Network cabinet operational

Threw out old Netgear switch, installed a TP-Link one in kitchen cupboard, added a TP-Link switch to the cabinet in store room and moved my NAS there.

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Progress on network cabinet

I’m making a new network cabinet. Making is maybe not putting it correctly. Modifying an IKEA BESTÅ cupboard is more correct.

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I drilled a hole for cables at its bottom and it came out horrible. There is no support for the guide drill so once past the thin shell it wobbles around and makes a huge mess. It will mostly be covered by the plastic tube with flange I will put into it.

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On the opposite side I used a compass to scrape a circle and then a router to plow out the circle. Much better result.

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The back of is a thin hardboard with veneer on that is floating in grooves. To make the cabinet more rigid and also provide for something to drill into if something is to be mounted on back wall I cut a piece of MDF to a tight fit, drilled pocket holes and painted it (for protection, definitely not for looks).

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I also cut up a piece of melamine to act as a shelf for the cabinet. I routed out four indents for the cabinet’s feet to stand in to prevent it from sliding off the shelf.

Here’s a video of the cabinet soft closing.

Center speaker glued and primed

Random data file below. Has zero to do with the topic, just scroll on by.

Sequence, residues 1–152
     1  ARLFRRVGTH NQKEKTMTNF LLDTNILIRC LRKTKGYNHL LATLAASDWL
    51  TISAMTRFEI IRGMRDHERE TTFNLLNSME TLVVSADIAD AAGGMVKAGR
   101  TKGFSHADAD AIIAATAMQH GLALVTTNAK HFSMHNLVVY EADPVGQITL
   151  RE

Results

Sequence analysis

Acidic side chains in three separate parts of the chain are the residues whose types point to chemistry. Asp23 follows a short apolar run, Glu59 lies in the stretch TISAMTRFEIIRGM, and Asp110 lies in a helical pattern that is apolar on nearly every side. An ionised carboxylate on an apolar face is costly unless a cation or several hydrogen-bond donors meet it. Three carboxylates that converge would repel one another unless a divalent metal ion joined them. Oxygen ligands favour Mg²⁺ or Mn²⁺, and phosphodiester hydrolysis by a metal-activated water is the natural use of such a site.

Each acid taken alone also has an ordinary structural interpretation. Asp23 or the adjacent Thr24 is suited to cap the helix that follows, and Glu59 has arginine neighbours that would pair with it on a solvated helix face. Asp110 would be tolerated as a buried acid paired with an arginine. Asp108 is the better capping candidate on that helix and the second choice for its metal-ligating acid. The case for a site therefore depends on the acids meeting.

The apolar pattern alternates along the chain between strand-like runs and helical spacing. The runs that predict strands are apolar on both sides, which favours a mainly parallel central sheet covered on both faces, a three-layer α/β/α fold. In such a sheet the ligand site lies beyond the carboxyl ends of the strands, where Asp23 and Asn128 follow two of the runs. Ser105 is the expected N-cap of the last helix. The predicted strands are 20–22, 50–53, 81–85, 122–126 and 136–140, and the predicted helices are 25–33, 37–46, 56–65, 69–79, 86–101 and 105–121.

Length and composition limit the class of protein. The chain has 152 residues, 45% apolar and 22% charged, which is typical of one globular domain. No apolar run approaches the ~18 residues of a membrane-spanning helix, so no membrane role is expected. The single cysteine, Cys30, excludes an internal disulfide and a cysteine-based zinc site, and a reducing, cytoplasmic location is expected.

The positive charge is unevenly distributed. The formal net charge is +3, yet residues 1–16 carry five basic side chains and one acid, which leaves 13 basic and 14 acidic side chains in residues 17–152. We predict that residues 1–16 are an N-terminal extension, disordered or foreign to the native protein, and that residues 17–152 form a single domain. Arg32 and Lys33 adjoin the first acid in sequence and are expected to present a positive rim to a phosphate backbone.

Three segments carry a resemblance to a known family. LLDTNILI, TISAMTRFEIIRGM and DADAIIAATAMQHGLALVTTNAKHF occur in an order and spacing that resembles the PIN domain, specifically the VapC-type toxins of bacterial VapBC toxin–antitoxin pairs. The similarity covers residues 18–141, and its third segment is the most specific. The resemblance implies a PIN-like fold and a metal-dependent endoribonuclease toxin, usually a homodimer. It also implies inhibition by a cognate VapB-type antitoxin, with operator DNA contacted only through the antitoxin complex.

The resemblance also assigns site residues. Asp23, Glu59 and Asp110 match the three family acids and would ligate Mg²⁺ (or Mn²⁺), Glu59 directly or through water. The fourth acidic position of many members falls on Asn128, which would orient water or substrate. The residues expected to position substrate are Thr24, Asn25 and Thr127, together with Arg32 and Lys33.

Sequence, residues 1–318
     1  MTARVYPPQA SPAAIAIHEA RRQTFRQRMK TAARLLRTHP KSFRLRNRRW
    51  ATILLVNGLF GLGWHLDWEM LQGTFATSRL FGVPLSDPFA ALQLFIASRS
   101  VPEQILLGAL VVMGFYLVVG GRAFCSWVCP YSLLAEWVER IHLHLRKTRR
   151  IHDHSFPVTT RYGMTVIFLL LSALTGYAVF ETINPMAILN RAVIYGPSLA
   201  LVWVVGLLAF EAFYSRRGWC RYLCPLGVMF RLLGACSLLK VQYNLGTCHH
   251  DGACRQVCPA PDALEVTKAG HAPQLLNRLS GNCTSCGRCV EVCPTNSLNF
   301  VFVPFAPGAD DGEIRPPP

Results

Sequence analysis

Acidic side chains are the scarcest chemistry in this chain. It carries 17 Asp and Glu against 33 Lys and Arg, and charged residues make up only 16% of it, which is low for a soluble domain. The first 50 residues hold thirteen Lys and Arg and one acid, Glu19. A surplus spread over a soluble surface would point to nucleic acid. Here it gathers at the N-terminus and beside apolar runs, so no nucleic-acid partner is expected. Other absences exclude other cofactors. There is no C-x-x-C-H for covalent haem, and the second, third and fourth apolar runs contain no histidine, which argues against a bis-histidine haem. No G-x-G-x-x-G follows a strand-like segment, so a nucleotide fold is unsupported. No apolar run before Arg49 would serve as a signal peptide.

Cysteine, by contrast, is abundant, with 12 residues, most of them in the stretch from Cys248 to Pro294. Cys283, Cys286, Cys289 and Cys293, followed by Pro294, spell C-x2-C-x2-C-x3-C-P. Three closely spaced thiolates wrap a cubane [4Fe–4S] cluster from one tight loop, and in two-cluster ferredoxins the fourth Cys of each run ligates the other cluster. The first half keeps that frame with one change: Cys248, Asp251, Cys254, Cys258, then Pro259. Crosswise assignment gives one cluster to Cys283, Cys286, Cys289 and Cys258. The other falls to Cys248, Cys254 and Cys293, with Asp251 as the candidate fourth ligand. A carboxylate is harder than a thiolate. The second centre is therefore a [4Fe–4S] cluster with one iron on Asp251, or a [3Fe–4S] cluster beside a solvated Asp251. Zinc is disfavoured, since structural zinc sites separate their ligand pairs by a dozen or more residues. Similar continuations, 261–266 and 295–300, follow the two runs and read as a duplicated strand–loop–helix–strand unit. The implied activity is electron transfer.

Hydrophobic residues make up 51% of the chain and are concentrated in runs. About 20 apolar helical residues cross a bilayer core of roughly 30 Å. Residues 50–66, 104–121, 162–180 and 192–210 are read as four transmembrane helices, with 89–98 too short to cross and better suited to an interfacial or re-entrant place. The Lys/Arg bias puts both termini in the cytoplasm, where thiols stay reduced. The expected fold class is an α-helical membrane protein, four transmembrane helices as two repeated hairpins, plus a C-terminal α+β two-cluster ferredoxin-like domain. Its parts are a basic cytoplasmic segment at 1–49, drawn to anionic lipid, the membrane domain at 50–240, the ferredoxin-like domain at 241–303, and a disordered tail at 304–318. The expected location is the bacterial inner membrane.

Filters glued in place. Very tight space. Some slight remodeling of capacitors had to be done to make it fit between the speakers.

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Then moment of truth, gluing the baffle on closing in the wires and filters forever. I hope I have connected everything correctly.

Glued and nailed. I didn’t think that one through as the edges would get chamfered and the nails are at those edges. I used the router very slowly with a cheap router bit. Worked out ok.

Then sand and prime.

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And that is all I have time for today. More sanding and priming next time.

Filters for center speaker untangled

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I managed to extract the filters from the old center speaker, as well as the “ludd” that dampen the air in the enclosure.

I cracked the glue joint with a chisel and a lot of persuation. I dreaded that the three filters would be tangled together as one and I would have had to understand it.

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Each of the speakers had its own subenclosure.

Luckily for me there were three separate filters. One highpass for the tweeter and two bandpass (if I remember correctly) where the one for the outer speakers cut of a bit lower than the front ones. I traced the wires from the speakers and found (and remembered) that when first built the phase was wrong on the tweeter and we had to switch phase a few times until we found out that it was the tweeter that was out of phase. The wires had been swapped on the filter and when connected according to the markings it became inverted. The filters were glued to the lower box which had a aluminium sheet at the bottom for some unknown reason (can’t fathom what difference it would make as it isn’t magnetic). Strong freaking construction adhesive. But with some careful chiseling I pryed them free.

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I hade to rearrange a few components on the filters to make them fit into the small space behind and between the speakers. This is the way they must be positioned.